Infections of the Central Nervous System and Child Development in Sub-Saharan Africa



Infectious diseases contribute significantly to child mortality in Africa; however, mortality rates only represent part of the problem. Among those who survive, cognitive, educational, and behavioral impairments have been reported. In the current chapter, I highlight the neurocognitive deficits, mental health problems, and poor educational outcomes associated with exposure to infectious diseases early in life. Special attention is paid to outcomes of HIV-infected children and children exposed to malaria. The chapter concludes by highlighting two approaches to intervention that have been observed to remediate some of the adverse effects of exposure to infections. Given the prevalence of infectious diseases in the African context, there are huge adverse effects and loss in human potential associated with childhood infectious diseases; identifying points of interventions and implementing evidence-based intervention for children infected with these conditions need to be a priority for applied developmental sciences.


Infections Central nervous system Child development HIV/AIDS Malaria Meningitis Neonatal jaundice Sepsis Evidence-based Intervention Disease burden 


  1. Abubakar, A., Holding, P., Newton, C. R., van Baar, A., & van de Vijver, F. J. (2009). The role of weight for age and disease stage in poor psychomotor outcome of HIV-infected children in Kilifi, Kenya. Developmental Medicines and Child Neurology, 51, 968–973.CrossRefGoogle Scholar
  2. Abubakar, A., Van Baar, A., Van de Vijver, F. J., Holding, P., & Newton, C. R. (2008). Paediatric HIV and neurodevelopment in sub-Saharan Africa: A systematic review. Tropical Medicine and International Health, 13, 880–887.CrossRefPubMedGoogle Scholar
  3. Achenbach, T. M., & Rescorla, L. (2001). ASEBA school-age forms & profiles. Burlington, VT: University of Vermont, Research Center for Children, Youth, & Families.Google Scholar
  4. Bagenda, D., Nassali, A., Kalyesubula, I., Sherman, B., Drotar, D., Boivin, M. J., & Olness, K. (2006). Health, neurologic, and cognitive status of HIV-infected, long-surviving, and antiretroviral-naive Ugandan children. Pediatrics, 117, 729–740.CrossRefPubMedGoogle Scholar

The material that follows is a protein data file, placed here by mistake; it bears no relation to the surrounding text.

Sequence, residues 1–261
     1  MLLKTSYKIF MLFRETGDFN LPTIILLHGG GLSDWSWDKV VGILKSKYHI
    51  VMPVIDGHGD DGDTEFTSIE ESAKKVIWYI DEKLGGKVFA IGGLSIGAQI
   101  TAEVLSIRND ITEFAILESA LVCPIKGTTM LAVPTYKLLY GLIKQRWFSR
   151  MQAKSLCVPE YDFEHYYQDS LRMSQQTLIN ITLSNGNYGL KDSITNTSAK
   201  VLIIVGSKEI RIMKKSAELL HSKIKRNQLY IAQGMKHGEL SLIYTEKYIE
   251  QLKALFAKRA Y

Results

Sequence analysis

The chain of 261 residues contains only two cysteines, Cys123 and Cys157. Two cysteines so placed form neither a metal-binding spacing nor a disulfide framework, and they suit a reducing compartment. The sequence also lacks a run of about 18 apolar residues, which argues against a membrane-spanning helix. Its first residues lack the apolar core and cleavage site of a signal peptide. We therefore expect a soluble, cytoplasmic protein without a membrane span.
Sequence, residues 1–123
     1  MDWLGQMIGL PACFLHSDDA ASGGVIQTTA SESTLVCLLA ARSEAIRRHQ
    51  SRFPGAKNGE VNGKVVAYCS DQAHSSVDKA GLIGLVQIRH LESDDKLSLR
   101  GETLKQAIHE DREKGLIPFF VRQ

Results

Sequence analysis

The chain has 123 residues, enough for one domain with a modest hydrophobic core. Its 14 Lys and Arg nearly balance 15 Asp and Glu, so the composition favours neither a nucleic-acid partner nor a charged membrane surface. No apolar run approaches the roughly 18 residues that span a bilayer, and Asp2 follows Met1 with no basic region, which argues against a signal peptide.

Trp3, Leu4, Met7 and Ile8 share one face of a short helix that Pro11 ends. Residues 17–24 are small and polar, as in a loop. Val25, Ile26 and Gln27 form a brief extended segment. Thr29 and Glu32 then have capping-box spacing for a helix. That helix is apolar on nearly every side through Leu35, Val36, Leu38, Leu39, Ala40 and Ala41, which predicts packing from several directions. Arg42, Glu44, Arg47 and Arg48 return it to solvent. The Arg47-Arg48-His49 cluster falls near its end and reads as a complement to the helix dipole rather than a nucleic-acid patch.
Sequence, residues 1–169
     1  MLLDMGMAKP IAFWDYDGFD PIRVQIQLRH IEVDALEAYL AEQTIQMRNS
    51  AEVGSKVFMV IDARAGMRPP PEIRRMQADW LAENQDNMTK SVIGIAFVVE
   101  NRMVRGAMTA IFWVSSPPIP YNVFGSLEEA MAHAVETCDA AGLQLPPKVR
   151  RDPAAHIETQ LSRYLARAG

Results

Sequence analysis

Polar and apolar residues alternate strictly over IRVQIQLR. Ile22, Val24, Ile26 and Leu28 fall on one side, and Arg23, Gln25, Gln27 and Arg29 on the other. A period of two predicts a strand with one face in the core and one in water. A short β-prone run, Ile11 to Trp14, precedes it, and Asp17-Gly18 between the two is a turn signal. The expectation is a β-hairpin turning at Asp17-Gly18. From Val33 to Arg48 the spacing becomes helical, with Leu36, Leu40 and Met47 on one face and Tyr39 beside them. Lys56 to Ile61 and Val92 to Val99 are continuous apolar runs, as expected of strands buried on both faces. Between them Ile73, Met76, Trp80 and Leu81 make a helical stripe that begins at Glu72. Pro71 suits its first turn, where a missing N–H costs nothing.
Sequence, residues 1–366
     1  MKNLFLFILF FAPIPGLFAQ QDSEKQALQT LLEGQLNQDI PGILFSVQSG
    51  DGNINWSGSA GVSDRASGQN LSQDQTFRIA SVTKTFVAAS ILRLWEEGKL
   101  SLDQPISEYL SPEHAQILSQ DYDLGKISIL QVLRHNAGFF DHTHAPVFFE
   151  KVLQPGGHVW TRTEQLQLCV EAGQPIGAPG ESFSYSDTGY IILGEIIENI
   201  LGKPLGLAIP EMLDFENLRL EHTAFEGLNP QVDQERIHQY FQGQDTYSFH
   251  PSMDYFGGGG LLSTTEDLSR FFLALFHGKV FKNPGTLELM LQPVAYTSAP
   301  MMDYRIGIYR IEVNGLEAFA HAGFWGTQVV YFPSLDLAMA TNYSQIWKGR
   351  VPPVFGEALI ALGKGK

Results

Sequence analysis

5. Baillieu, N., & Potterton, J. (2008). The extent of delay of language, motor, and cognitive development in HIV-positive infants. Journal of Neurologic Physical Therapy, 32, 118–121.CrossRefPubMedGoogle Scholar
  6. Bangirana, P., Idro, R., John, C. C., & Boivin, M. J. (2006). Rehabilitation for cognitive impairments after cerebral malaria in African children: Strategies and limitations. Tropical Medicine & International Health: TM & IH, 11, 1341–1349.CrossRefGoogle Scholar
  7. Bangirana, P., Allebeck, P., Boivin, M. J., John, C. C., Page, C., Ehnvall, A., & Musisi, S. (2011). Cognition, behaviour and academic skills after cognitive rehabilitation in Ugandan children surviving severe malaria: A randomised trial. BMC Neurology, 11(1), 96.CrossRefPubMedPubMedCentralGoogle Scholar
  8. Bangirana, P., Nakasujja, N., Giordani, B., Opoka, R. O., John, C. C., & Boivin, M. J. (2009). Reliability of the Luganda version of the Child Behaviour Checklist in measuring behavioural problems after cerebral malaria. Child and Adolescent Psychiatry and Mental Health, 3(1), 38.CrossRefPubMedPubMedCentralGoogle Scholar
  9. Barlow, J. L., Mung’ala-Odera, V., Gona, J., & Newton, C. R. J. C. (2001). Brain damage after neonatal tetanus in a rural Kenyan hospital. Tropical Medicine and International Health, 6, 305–308.CrossRefPubMedGoogle Scholar
  10. Bayley, N. (1993). The Bayley scales of infant development (2nd ed.). New York, NY: Harcourt/Psychological Corporation.Google Scholar
  11. Berhane, R., Bagenda, D., Marum, L., Aceng, E., Ndugwa, C., Bosch, R. J., & Olness, K. (1997). Growth failure as a prognostic indicator of mortality in pediatric HIV infection. Pediatrics, 100, 1–4.CrossRefGoogle Scholar
  12. Boivin, M. J. (2002). Effects of early cerebral malaria on cognitive ability in Senegalese children. Journal of Developmental and Behavioural Pediatics, 23, 353–364.CrossRefGoogle Scholar
  13. Boivin, M. J., Bangirana, P., Byarugaba, J., Opoka, R. O., Idro, R., Jurek, A. M., & John, C. C. (2007). Cognitive impairment after cerebral malaria in children: A prospective study. Pediatrics, 119, e360–e366.CrossRefPubMedPubMedCentralGoogle Scholar
  14. Boivin, M. J., Bangirana, P., Nakasujja, N., Page, C. F., Shohet, C., Givon, D., … Klein, P. S. (2013). A year-long caregiver training program to improve neurocognition in preschool Ugandan HIV-exposed children. Journal of Developmental and Behavioral Pediatrics, 34, 269–278.CrossRefPubMedPubMedCentralGoogle Scholar
  15. Boivin, M. J., Busman, R. A., Parikh, S. M., Bangirana, P., Page, C. F., Opoka, R. O., & Giordani, B. (2010). A pilot study of the neuropsychological benefits of computerized cognitive rehabilitation in Ugandan children with HIV. Neuropsychology, 24, 667–673.CrossRefPubMedGoogle Scholar